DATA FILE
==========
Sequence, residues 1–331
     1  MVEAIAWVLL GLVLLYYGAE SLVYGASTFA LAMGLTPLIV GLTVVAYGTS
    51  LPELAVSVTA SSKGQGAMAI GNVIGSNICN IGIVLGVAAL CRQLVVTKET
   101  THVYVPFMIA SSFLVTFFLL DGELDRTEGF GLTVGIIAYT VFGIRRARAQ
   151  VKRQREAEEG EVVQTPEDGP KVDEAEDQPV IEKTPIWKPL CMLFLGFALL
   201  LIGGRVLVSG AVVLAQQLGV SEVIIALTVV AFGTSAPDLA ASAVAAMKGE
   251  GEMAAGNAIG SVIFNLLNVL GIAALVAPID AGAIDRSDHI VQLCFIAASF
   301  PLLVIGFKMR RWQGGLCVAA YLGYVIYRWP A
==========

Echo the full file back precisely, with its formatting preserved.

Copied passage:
Sequence, residues 1–331
     1  MVEAIAWVLL GLVLLYYGAE SLVYGASTFA LAMGLTPLIV GLTVVAYGTS
    51  LPELAVSVTA SSKGQGAMAI GNVIGSNICN IGIVLGVAAL CRQLVVTKET
   101  THVYVPFMIA SSFLVTFFLL DGELDRTEGF GLTVGIIAYT VFGIRRARAQ
   151  VKRQREAEEG EVVQTPEDGP KVDEAEDQPV IEKTPIWKPL CMLFLGFALL
   201  LIGGRVLVSG AVVLAQQLGV SEVIIALTVV AFGTSAPDLA ASAVAAMKGE
   251  GEMAAGNAIG SVIFNLLNVL GIAALVAPID AGAIDRSDHI VQLCFIAASF
   301  PLLVIGFKMR RWQGGLCVAA YLGYVIYRWP A